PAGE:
When Joseph Stella arrived in New York in 1896, he was already in love with the vibrant city which differed substantially from where he grew up in Italy. During his childhood in an Italian mountain village not far from Naples, his imagination was fueled by reading Edgar Allan Poe and Walt Whitman. He was especially intrigued by the large number of vertical buildings and urban architecture.
Stella arrived to the United States at the age of 18 in hopes of following in his physician brother’s footsteps. Quickly frustrated with the discipline of medicine, he decided that his future lay with art.
His teachers called him a gifted pupil and urged him to learn from the “great realists of history.” In 1907, a publication commissioned him to illustrate the recent mining disaster in West Virginia and the following year the same publication asked him to draw the industrial city of Pittsburgh. Quickly, Stella’s prominence was cemented as an academic realist.
However, a few years later he took a trip to Paris and spent time with members of the Parisian avant-garde. It was here that he began to appreciate the radical art of his contemporaries. Upon arriving back in the United States, he instantly mastered an advanced and revolutionary abstract style. He was able to magically capture the excitement and intrigue of America’s quickly growing urban industrial environment.
Ever since he first arrived in America, Stella was fascinated by the Brooklyn Bridge. However, when he moved to Brooklyn in 1916 and lived in its shadow, he decided it was time to immortalize the stunning architectural feat on paper. He saw the bridge through the eyes of a small boy from a small Italian village. To Stella, the sheer amount of steel and electricity that made up this majestic feature was fascinating and spell-binding. In a 1929 essay about the bridge he said, “the shrine containing all the efforts of the new civilization of AMERICA…. Many nights I stood on the bridge- and in the middle alone…. I felt deeply moved, as if on the threshold of a new religion or in the presence of a new DIVINITY.”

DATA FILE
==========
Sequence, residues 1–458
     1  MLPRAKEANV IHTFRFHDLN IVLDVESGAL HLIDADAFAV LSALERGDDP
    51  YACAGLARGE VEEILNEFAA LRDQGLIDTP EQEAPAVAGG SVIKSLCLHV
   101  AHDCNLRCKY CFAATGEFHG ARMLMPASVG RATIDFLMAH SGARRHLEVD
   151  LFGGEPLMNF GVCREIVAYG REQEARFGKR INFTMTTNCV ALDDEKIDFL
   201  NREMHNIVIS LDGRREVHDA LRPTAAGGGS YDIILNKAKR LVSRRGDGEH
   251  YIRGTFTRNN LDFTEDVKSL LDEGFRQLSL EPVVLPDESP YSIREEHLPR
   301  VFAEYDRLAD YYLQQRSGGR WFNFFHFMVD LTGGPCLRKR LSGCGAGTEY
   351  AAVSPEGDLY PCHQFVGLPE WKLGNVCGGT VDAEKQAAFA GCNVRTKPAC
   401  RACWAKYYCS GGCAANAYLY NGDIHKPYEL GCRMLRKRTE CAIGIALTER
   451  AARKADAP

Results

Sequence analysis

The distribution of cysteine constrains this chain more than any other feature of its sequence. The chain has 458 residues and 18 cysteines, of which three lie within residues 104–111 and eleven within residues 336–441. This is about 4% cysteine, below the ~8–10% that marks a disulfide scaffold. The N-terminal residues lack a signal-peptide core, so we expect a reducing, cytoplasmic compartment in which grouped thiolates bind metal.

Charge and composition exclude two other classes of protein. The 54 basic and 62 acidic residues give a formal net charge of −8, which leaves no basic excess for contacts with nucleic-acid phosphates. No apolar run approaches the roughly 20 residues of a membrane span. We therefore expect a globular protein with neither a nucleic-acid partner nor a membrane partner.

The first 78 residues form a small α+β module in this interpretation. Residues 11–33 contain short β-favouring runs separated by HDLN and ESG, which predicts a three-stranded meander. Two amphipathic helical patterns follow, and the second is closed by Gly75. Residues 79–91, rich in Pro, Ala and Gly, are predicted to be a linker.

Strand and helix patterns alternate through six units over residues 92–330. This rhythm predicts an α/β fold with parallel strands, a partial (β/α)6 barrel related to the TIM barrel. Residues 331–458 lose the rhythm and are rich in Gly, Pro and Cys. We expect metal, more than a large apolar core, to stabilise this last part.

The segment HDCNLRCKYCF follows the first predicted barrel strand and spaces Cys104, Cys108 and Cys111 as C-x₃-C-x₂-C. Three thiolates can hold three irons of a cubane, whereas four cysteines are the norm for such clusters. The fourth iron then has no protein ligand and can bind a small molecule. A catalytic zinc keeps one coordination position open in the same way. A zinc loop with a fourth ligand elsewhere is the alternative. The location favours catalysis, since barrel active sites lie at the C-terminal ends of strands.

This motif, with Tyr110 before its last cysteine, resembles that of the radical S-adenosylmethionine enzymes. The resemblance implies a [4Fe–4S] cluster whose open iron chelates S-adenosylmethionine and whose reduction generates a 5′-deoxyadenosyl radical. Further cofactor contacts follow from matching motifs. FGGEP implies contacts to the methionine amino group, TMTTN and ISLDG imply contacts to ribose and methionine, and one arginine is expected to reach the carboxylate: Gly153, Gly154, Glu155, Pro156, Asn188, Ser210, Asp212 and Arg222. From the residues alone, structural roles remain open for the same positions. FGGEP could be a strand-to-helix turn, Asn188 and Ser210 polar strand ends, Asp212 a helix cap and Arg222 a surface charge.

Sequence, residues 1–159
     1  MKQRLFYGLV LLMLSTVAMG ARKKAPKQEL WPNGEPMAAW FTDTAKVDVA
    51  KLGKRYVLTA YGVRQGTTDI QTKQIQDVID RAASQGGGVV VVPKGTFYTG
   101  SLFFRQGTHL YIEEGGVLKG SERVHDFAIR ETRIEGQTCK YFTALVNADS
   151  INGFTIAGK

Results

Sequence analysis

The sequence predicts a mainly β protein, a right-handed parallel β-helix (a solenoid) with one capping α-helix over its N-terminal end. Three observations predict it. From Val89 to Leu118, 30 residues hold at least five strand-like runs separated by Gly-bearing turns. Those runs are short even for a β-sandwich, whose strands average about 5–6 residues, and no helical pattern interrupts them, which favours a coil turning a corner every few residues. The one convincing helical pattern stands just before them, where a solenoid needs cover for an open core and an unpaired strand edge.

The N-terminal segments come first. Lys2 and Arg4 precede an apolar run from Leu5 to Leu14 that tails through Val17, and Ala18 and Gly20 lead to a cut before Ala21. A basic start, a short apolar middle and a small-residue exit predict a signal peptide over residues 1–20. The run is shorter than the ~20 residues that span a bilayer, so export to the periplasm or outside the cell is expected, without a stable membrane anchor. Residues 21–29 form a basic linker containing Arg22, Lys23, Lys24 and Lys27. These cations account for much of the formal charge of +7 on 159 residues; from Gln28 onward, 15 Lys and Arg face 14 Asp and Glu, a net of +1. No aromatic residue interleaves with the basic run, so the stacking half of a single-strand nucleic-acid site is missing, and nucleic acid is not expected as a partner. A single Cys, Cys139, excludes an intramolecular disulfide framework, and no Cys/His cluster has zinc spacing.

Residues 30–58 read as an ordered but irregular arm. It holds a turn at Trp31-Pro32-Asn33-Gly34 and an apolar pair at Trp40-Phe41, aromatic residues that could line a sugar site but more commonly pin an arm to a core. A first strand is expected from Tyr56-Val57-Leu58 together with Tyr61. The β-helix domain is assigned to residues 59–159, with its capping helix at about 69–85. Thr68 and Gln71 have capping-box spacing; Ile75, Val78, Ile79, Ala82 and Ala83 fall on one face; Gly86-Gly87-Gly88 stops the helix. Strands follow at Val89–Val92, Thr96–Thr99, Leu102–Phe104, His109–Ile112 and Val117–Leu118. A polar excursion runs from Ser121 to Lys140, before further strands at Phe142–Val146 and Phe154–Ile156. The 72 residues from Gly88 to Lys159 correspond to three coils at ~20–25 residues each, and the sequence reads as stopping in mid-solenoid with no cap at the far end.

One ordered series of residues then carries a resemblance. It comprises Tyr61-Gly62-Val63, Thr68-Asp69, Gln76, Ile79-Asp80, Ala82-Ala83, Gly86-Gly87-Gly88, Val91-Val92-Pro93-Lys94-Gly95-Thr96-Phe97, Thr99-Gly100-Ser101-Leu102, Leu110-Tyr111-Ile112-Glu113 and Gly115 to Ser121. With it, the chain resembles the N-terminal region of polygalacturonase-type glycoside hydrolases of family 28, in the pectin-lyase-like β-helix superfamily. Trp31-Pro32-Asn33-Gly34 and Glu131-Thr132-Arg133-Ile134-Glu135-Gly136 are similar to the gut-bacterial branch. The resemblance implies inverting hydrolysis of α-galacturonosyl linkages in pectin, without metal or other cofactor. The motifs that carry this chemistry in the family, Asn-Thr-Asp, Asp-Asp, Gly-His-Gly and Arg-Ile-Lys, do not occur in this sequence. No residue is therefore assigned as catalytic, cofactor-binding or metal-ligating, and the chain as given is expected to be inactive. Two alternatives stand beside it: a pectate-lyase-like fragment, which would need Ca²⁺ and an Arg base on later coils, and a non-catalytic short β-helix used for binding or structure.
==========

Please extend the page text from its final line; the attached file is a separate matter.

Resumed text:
Stella used small intersecting planes and patch-like brushwork which resembled Cubism and Futurism. Fragmentation is evident throughout, and the stone pillars, steel cables and elevated pedestrian walkways work together to emphasize the massiveness of this industrial building.
Not a particularly religious man, Stella’s vision depicts the bridge as something similar to a modern-day altar, a place that holds spiritual significance. The massive cables give reference to the pointed arches of Gothic architecture and the rich, jewel-toned palette is reminiscent of strained glass windows in a Gothic cathedral.
It is clear that Stella never decided whether or not modern industry was a positive or a negative. The benefits that came out of the Industrial Revolution came at a cost for thousands of people. Stella saw both sides of the coin… however that did not have an effect on the admiration he had for the architecture that was sprouting around New York City at that time.